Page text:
A Bookstore on an Island

In the fictional bookstore in The Storied Life of A.J. Fikry by Gabrielle Zevin, the author offers readers a glimpse into what it must be like to operate that endangered species, an independent, neighborhood bookstore. If you ever watched the Tom Hanks/Meg Ryan romantic comedy, You’ve Got Mail, then you’re familiar with the feeling of rooting for the small business owner, the bookstore owner whose heart and soul is tied to the community and the authors she serves.


Bookselling, like most industries, is a complicated business, and I’m grateful for the many booksellers, large and small, that operate across the country. I’ve always been a supporter of my neighborhood bookstores, though, and as a constant reader who buys more books than I can read in a lifetime, I encourage everyone to support them. There’s something charming about the way each small bookseller arranges the world inside his door. Instead of working from a corporate merchandising plan, the lighting, shelves, books and comfortable chairs are one of a kind.


Nantucket Book Partners, which operates both Mitchell’s Book Corner and Nantucket Bookworks, provides islanders and visitors with just that kind of experience . Both locations offer an enticing view into a wide-ranging inventory of books and boundless ideas for what to read next. As is fitting for an island bookstore, they have a wonderful selection of books about Nantucket, whaling and the island’s genealogy. And best of all, they are a true community resource, with book signings for local authors, advertised on their blog through “What’s on the BOOKS?,” a dedication to providing the best in customer service, a blog feature called “Meet a Nantucket Book Worm,” to let us look over our neighbor’s shoulder to see what she’s reading, and even offer space for a weekly Memoir Writing Group in the store.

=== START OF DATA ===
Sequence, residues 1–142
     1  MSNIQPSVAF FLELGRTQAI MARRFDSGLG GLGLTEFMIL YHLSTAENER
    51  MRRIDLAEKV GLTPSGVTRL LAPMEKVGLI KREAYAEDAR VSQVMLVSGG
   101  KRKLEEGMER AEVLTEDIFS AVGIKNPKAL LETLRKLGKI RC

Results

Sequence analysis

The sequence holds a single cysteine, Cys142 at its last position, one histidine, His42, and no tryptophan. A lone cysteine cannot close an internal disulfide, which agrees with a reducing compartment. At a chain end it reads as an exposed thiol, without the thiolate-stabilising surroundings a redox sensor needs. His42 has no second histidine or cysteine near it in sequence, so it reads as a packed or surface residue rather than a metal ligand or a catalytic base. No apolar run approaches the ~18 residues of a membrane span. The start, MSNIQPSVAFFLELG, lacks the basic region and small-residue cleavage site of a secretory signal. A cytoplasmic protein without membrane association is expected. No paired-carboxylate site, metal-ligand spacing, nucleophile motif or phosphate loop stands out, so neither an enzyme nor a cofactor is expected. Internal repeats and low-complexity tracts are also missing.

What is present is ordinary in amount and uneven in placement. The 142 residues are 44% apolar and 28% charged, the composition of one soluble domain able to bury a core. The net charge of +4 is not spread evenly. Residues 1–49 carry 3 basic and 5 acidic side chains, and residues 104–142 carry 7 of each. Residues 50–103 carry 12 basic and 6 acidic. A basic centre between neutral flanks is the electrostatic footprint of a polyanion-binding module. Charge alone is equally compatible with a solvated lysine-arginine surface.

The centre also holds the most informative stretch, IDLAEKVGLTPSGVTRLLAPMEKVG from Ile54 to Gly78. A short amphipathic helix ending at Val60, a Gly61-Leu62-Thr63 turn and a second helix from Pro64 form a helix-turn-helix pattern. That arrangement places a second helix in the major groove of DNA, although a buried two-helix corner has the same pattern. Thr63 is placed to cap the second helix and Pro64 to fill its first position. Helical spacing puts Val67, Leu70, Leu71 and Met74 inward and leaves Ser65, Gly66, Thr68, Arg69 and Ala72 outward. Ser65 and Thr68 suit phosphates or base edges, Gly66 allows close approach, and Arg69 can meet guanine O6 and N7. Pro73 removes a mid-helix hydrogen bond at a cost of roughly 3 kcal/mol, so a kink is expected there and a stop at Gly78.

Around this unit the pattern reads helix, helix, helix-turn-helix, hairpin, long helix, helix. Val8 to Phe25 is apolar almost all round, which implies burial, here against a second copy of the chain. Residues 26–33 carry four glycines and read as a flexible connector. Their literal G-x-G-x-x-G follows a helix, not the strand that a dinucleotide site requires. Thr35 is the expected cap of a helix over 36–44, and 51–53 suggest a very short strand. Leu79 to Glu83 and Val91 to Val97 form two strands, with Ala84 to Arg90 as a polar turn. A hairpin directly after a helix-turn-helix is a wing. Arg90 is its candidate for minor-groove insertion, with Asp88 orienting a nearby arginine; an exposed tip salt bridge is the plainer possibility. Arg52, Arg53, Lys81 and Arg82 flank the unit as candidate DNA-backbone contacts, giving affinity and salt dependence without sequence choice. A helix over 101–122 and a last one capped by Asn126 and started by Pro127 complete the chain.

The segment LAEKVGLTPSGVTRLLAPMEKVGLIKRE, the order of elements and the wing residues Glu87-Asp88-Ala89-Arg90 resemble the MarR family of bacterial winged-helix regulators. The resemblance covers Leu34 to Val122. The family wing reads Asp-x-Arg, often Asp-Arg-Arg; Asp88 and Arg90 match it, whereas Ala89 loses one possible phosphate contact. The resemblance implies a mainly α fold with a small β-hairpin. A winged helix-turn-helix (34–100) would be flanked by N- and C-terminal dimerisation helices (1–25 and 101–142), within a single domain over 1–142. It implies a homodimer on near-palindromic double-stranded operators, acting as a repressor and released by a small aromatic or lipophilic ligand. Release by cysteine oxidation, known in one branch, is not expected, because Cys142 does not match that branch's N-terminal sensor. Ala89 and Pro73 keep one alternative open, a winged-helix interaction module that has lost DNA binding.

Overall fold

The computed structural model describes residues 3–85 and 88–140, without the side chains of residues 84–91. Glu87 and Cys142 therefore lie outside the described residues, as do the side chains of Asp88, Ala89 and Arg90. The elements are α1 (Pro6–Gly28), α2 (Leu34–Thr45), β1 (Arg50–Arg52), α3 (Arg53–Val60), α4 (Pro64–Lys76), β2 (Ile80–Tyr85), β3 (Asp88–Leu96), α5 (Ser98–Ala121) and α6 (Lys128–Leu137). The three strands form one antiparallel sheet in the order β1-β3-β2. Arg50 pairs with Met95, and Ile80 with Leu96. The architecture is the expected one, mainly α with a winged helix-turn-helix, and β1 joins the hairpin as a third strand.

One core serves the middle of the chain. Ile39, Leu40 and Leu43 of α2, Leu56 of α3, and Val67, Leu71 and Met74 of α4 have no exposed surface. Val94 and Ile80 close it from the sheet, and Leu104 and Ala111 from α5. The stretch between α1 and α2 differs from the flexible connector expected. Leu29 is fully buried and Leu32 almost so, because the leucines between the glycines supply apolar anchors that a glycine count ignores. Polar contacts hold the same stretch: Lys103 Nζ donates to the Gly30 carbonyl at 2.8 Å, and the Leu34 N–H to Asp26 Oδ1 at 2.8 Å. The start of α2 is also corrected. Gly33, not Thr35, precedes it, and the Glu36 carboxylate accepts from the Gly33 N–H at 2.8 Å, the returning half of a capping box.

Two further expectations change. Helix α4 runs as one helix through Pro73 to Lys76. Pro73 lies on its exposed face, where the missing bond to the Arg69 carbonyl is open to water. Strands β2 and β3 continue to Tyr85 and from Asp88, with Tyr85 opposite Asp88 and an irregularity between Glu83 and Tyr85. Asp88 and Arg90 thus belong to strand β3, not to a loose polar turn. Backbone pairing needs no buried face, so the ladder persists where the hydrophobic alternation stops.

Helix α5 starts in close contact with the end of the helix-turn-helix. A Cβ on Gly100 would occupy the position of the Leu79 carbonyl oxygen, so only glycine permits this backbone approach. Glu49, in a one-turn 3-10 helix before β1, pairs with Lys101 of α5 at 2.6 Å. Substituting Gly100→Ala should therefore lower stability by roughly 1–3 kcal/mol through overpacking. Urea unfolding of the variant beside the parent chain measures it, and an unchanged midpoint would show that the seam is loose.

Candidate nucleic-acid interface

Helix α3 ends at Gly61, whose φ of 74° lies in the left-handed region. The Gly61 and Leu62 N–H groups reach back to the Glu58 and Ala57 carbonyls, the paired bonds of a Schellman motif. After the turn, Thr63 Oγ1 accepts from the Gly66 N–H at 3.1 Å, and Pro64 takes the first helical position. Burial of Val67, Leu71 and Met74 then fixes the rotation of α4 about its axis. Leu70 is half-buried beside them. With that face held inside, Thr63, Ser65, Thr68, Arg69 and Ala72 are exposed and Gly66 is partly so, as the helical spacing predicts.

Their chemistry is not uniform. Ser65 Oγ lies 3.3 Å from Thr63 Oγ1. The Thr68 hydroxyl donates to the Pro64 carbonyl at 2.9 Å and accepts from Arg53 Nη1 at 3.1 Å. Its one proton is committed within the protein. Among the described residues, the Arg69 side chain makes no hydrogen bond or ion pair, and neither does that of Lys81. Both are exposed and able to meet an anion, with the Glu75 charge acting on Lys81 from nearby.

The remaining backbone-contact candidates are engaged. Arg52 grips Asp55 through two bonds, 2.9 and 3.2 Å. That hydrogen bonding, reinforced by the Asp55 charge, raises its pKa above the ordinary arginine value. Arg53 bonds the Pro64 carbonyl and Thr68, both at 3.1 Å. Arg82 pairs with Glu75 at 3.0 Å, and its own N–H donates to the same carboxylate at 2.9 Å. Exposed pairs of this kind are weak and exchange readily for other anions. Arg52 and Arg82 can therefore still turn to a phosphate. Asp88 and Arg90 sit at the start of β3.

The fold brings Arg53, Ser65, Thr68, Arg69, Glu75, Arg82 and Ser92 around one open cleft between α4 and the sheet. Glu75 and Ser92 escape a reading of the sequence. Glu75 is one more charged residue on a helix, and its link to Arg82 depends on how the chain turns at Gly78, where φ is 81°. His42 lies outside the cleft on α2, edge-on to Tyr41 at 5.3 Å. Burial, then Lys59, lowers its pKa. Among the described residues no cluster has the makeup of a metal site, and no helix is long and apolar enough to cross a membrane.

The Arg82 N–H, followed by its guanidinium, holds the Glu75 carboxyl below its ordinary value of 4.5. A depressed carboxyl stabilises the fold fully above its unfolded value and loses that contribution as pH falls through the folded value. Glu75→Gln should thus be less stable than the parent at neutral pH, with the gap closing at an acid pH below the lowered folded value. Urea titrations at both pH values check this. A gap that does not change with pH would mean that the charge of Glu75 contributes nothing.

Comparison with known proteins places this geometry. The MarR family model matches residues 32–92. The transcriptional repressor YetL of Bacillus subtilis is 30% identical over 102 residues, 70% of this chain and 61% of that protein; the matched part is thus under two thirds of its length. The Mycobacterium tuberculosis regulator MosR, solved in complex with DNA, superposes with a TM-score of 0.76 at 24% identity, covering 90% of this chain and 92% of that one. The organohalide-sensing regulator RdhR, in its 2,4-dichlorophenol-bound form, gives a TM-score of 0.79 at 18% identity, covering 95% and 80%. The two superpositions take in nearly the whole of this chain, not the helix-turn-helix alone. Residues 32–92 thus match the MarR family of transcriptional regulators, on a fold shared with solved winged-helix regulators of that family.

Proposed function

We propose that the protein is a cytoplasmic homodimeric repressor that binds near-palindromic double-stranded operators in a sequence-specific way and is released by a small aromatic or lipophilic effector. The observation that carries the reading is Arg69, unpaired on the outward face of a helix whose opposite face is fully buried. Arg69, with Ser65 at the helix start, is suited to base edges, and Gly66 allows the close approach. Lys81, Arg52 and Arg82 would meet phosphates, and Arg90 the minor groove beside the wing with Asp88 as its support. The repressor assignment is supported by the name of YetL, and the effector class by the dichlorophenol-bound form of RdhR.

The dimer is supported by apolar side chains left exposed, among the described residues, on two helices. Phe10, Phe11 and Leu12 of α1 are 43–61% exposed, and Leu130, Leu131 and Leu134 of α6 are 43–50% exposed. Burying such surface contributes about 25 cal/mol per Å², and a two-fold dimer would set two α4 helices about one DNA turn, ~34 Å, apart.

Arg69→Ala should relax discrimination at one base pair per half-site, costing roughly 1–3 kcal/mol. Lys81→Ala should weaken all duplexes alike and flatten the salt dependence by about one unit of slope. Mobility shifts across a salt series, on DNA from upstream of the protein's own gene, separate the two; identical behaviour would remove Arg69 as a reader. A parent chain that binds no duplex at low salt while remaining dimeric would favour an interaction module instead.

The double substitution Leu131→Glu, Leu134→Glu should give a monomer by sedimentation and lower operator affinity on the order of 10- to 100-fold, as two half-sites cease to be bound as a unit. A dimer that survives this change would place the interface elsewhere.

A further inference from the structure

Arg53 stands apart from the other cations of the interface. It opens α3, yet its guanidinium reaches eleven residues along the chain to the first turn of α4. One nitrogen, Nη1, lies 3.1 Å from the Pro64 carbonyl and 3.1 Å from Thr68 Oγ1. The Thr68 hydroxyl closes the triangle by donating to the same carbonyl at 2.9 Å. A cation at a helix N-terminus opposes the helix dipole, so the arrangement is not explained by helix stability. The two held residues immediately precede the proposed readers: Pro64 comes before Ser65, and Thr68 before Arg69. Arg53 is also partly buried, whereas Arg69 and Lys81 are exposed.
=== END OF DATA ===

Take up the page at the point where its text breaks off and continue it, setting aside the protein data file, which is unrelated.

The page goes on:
As the faded sign on the porch of the Victorian cottage that is home to the fictional Island books says, “No man is an island; every book is a world.” A bookstore is a world, too, and we’re lucky to have two to call our own.



Battling the Autism Epidemic


I’ve written before about my concern for for the 70 million people affected by autism worldwide, and their families. Autism is a general term used to describe a group of complex developmental brain disorders–autism spectrum disorders–caused by a combination of genes and environmental influences. These disorders are characterized, in varying degrees, by communication difficulties, social and behavioral challenges, and repetitive behaviors.

boy with autism

The numbers are rising, as confirmed by the Centers for Disease Control’s new statistics: 1 in 68 children, 1 in 42 boys have autism. It is an urgent public health priority that requires increasing global awareness, services and research. World Autism Awareness Day (WAAD), celebrated each year on April 2, was adopted by the United Nations in 2007 to shine a bright light on autism as a growing health crisis. Autism Speaks recognizes that day with its international Light It Up Blue campaign.


Thousands of communities participate, with iconic landmarks, businesses and homes across the globe uniting by shining bright blue lights in honor of the millions of individuals and families around the world living with autism.